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Iran rejects UK travel warning for dual nationals

Iran rejects UK travel warning for dual nationals

Iran rejects UK travel warning for dual nationals
May 18
09:56 2019

Iran’s ambassador to London has dismissed Britain's travel warning for dual UK-Iranian nationals, saying all citizens are safe during their visit provided that they are not working for foreign intelligence agencies.

In a post on his Twitter account on Friday, Hamid Baeidinejad said that people holding dual British and Iranian nationality “are all welcomed to visit their country and families.”

Every day thousands of Iranian dual nationals and Iranian nationals working in the UK are travelling safely to Iran. Iranian dual nationals and Iranians working in the UK are all respected Iranian citizens and are all welcomed to visit their country and families.

The remarks came hours after the UK Foreign and Commonwealth Office warned dual nationals against all travel to Iran, claiming that they face an “unacceptably higher risk of detention and mistreatment.” The Foreign Office's previous advice had warned against all but essential travel to Iran.

“Travel advice has been changed in response to the Iranian government’s continued arbitrary detention and mistreatment of dual nationals, and Iranian citizens with links to institutions based in the UK,” it said in a statement.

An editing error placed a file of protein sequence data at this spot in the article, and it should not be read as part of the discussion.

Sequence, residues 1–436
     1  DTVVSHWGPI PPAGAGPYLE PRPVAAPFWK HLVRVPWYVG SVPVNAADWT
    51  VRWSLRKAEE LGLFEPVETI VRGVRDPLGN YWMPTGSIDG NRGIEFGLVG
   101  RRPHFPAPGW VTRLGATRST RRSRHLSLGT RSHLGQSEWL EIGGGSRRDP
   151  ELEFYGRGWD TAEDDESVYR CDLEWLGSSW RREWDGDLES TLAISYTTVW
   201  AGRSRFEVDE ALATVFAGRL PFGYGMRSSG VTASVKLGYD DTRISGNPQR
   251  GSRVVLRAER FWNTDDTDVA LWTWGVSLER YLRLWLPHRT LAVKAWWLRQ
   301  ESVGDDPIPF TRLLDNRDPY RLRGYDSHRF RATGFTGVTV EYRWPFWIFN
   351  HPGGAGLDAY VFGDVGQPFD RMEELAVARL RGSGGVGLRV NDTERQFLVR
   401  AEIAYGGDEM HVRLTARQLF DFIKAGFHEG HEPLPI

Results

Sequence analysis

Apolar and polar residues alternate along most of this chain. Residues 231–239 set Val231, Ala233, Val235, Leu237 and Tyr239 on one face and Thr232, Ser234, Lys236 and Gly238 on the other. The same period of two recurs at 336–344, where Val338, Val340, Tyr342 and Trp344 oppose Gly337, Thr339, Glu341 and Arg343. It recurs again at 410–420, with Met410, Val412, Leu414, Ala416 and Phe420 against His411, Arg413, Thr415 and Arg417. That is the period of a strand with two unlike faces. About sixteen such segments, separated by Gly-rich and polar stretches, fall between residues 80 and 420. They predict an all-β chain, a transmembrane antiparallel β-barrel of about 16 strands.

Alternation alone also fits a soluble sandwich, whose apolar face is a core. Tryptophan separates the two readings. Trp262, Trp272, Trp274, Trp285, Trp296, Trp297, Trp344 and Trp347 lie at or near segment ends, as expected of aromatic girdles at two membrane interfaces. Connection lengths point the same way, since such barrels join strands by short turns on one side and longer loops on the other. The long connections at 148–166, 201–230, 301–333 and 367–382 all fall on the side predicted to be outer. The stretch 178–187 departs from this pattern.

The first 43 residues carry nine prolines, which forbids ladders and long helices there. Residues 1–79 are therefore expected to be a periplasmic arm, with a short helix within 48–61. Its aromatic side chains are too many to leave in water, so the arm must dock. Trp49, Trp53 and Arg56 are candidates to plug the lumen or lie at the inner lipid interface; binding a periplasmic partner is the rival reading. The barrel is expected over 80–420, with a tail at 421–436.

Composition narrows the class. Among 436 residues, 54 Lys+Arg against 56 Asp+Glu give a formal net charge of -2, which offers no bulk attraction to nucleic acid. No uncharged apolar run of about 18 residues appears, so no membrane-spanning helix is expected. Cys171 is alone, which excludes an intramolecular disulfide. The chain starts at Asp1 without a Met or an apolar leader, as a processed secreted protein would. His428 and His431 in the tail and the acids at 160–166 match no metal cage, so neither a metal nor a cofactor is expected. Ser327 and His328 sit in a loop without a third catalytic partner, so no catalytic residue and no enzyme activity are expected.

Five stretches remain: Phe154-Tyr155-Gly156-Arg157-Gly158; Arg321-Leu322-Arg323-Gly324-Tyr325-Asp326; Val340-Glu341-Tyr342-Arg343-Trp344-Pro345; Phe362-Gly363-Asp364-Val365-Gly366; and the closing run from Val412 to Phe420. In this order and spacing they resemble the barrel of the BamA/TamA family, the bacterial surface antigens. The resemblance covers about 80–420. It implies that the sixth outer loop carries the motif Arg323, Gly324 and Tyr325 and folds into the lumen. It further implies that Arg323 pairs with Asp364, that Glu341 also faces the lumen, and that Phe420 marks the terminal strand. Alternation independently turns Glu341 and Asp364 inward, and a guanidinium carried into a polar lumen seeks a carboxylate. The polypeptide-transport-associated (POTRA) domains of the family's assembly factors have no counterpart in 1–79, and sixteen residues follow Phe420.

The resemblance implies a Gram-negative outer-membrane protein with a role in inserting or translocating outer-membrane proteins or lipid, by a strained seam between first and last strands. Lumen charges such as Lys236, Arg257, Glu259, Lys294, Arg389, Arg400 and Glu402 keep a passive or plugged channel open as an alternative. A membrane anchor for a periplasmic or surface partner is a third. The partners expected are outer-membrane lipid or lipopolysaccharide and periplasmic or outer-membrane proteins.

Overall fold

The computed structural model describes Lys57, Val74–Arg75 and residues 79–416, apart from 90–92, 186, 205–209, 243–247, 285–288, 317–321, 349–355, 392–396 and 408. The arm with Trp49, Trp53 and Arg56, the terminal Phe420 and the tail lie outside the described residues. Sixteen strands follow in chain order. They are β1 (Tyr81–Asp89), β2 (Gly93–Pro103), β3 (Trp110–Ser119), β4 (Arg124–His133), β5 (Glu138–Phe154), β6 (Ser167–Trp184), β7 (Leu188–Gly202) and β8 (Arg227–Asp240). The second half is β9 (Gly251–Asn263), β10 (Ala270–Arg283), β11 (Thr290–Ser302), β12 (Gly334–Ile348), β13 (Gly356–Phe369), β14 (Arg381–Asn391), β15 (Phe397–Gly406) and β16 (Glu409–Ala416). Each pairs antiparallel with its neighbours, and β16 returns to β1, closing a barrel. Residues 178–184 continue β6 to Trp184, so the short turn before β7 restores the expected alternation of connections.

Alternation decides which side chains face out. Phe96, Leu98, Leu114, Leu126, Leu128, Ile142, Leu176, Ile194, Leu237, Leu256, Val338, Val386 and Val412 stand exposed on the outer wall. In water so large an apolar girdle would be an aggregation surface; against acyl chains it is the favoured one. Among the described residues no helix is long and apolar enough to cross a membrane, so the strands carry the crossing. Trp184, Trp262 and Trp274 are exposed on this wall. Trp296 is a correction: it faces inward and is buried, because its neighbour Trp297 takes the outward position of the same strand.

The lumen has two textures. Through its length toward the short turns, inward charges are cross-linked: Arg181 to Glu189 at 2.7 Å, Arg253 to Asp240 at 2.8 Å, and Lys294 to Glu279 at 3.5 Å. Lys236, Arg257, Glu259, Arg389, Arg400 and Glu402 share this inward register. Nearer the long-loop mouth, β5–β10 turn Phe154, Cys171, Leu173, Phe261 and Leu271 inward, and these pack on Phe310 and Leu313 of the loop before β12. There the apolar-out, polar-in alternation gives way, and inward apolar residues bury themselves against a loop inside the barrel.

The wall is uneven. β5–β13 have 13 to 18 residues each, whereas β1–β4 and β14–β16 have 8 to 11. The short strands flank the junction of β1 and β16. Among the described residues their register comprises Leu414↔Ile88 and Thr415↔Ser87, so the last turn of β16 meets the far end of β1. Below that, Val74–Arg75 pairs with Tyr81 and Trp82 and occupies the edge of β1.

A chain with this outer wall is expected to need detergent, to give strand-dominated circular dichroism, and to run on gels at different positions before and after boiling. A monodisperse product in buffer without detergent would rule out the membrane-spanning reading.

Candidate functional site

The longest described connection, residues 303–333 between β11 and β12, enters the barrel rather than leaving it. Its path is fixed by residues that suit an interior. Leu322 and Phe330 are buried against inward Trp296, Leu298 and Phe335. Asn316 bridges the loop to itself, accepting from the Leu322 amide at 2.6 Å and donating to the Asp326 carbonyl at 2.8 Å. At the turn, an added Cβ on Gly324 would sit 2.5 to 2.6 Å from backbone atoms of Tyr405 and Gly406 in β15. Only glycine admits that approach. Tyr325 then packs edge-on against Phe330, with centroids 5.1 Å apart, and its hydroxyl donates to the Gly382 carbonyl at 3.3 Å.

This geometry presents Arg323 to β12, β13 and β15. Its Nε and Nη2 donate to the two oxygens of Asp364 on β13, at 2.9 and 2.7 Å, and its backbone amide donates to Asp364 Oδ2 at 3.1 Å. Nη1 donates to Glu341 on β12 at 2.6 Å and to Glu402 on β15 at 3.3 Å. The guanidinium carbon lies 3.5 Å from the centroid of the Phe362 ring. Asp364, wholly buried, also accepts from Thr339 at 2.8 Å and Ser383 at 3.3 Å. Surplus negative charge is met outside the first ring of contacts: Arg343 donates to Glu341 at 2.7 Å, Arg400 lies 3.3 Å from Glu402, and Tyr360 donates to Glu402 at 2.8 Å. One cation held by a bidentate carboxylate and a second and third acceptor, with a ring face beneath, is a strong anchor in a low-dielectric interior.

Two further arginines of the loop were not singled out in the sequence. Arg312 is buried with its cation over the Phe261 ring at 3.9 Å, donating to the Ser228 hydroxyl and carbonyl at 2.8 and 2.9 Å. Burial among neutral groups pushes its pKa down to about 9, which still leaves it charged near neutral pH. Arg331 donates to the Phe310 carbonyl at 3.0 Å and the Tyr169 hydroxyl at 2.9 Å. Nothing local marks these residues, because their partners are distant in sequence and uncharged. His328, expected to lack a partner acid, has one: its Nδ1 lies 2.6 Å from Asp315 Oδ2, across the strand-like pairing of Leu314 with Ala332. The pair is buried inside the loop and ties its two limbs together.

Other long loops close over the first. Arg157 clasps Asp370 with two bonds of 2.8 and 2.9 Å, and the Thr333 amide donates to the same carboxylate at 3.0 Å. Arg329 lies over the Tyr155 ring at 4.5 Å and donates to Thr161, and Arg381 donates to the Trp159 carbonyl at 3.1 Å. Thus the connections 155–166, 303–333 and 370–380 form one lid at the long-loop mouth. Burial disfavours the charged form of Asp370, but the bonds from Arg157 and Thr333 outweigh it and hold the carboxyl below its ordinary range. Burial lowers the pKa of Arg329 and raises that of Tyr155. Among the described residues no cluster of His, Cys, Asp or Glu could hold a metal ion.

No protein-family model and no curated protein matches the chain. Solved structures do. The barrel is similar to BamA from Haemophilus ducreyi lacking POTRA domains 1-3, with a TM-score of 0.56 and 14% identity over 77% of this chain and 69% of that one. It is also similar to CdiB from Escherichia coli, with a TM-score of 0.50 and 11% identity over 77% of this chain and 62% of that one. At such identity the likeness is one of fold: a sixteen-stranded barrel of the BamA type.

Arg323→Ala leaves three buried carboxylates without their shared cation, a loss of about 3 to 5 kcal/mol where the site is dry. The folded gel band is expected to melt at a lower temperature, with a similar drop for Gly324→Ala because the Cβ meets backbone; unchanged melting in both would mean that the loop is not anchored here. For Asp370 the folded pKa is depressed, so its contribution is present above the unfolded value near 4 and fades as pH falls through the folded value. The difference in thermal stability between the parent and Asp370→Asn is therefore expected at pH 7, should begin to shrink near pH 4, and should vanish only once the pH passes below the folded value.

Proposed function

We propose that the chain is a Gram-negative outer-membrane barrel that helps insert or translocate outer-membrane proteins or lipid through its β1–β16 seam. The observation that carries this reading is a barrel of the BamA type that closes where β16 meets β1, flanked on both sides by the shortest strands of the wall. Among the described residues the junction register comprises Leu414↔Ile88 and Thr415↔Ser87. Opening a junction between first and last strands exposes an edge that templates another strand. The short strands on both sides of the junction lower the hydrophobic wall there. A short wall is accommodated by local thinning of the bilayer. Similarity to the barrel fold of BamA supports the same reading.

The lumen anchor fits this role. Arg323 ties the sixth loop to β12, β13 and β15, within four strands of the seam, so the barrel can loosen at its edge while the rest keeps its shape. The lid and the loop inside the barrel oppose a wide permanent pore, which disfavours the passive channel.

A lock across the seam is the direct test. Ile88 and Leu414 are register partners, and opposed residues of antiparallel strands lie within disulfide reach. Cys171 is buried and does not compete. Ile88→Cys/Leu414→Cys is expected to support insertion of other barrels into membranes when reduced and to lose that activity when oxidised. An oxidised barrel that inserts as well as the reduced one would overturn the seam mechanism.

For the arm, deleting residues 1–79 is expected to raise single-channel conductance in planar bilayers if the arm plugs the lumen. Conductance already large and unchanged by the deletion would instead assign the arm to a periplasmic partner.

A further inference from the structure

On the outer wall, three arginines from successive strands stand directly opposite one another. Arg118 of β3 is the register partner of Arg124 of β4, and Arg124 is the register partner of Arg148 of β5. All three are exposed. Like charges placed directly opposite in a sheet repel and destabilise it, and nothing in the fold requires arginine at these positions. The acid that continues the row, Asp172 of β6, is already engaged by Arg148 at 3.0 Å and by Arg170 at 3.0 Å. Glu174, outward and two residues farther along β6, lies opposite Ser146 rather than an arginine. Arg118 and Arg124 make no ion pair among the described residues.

Additionally, British Foreign Secretary Jeremy Hunt urged the Iranians living in the UK to exercise “caution” when returning to Iran to visit their family or friends.

Earlier this week, Iran's Judiciary spokesman Gholamhossein Esmaili said an Iranian woman had been convicted after she was found guilty of spying for Britain.

He noted that the woman had made “clear confessions” about her recruitment and “the instructions that the English security agency had given her.”

Head of the British Council Ciarán Devane confirmed that Aras Amiri, a 32-year-old employee of the London-based organization, had been sentenced to 10 years in prison in Iran more than a year after she was arrested in the country for espionage.

Amiri’s detention comes amid a dispute between Britain and Iran over Nazanin Zaghari-Ratcliffe, a British-Iranian national sentenced to five years in prison for spying in 2016.

Millions of Iranians live abroad and they freely visit the country each year. Iranians mostly live in North America, Europe, Persian Gulf States, Australia and the broader Middle East.

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